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Two small RNAs regulate the timing of Caenorhabditis elegans development. Transition from the first to the second larval stage fates requires the 22-nucleotide lin-4 RNA, and transition from late larval to adult cell fates requires the 21-nucleotide let-7 RNA. The lin-4 and let-7 RNA genes are not homologous to each other, but are each complementary to(More)
Chromatin is composed of DNA and a variety of modified histones and non-histone proteins, which have an impact on cell differentiation, gene regulation and other key cellular processes. Here we present a genome-wide chromatin landscape for Drosophila melanogaster based on eighteen histone modifications, summarized by nine prevalent combinatorial patterns.(More)
Male-specific lethal-2 (msl-2) is a RING finger protein that is required for X chromosome dosage compensation in Drosophila males. Consistent with the formation of a dosage compensation protein complex, msl-2 colocalizes with the other MSL proteins on the male X chromosome and coimmunoprecipitates with msl-1 from male larval extracts. Ectopic expression of(More)
The multisubunit MSL dosage compensation complex binds to hundreds of sites along the Drosophila single male X chromosome, mediating its hypertranscription. The male X chromosome is also coated with noncoding roX RNAs. When either msl3, mle, or mof is mutant, a partial MSL complex is bound at only approximately 35 unusual sites distributed along the X. We(More)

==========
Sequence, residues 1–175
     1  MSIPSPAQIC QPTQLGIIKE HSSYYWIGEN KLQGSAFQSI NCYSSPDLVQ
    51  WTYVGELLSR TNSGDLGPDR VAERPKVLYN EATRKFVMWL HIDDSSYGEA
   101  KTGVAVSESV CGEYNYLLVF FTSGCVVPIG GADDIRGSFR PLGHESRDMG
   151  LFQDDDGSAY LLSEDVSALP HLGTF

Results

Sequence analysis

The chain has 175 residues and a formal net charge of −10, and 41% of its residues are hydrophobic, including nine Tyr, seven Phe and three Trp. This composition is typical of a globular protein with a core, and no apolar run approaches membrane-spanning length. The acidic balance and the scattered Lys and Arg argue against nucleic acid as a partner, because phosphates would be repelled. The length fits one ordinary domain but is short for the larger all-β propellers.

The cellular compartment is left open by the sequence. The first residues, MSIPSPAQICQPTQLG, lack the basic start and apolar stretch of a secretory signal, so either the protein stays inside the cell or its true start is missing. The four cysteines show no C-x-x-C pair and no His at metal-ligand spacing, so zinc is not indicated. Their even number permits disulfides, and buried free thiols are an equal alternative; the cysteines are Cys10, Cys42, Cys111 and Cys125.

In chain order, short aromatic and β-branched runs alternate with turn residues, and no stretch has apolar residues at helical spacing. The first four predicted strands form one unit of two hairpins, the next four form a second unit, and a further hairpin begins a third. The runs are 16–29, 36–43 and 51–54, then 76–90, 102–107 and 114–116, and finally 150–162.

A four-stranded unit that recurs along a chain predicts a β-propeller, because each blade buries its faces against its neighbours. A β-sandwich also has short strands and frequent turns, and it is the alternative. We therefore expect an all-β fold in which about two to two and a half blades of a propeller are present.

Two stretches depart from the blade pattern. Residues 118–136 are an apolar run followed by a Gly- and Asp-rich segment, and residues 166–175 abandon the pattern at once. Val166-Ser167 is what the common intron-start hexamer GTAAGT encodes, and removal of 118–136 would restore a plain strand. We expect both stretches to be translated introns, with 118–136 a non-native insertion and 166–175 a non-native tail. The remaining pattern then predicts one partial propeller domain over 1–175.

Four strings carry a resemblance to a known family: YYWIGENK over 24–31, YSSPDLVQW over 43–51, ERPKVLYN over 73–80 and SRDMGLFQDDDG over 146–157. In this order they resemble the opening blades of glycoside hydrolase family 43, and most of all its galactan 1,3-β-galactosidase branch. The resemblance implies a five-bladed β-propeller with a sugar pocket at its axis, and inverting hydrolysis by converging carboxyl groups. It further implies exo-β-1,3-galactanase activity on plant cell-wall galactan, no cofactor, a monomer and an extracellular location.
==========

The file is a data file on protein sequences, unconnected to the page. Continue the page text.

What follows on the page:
BACKGROUND In the male Drosophila, the X chromosome is transcriptionally upregulated to achieve dosage compensation, in a process that depends on association of the MSL proteins with the X chromosome. A role for non-coding RNAs has been suggested in recent studies. The roX1 and roX2 RNAs are male-specific, non-coding RNAs that are produced by, and also(More)
The Drosophila roX1 gene is X-linked and produces RNAs that are male-specific, somatic, and preferentially expressed in the central nervous system. These RNAs are retained in the nucleus and lack any significant open reading frame. Although all sexually dimorphic characteristics in Drosophila were thought to be controlled by the sex determination pathway(More)
In Drosophila, dosage compensation is controlled by the male-specific lethal (MSL) complex consisting of MSL proteins and roX RNAs. The MSL complex is specifically localized on the male X chromosome to increase its expression approximately 2-fold. We recently proposed a model for the targeted assembly of the MSL complex, in which initial binding occurs at(More)
MSL proteins and noncoding roX RNAs form complexes to up-regulate hundreds of genes on the Drosophila male X chromosome, and make X-linked gene expression equal in males and females. Altering the ratio of MSL proteins to roX RNA dramatically changes X-chromosome morphology. In protein excess, the MSL complex concentrates near sites of roX transcription and(More)
Dosage compensation in Drosophila occurs by a twofold increase in transcription per copy of X-linked genes in males (XY) compared with females (XX). msl-1 is one of four genes that are essential for dosage compensation in males, and MSL-1 protein is associated specifically with the male X chromosome. To explore the basis for the sex specificity of dosage(More)
Drosophila MSL proteins are thought to act within a complex to elevate transcription from the male X chromosome. We found that the MSL1, MSL2 and MSL3 proteins are associated in immunoprecipitations, chromatographic steps and in the yeast two-hybrid system, but that the MLE protein is not tightly complexed in these assays. We focused our analysis on the(More)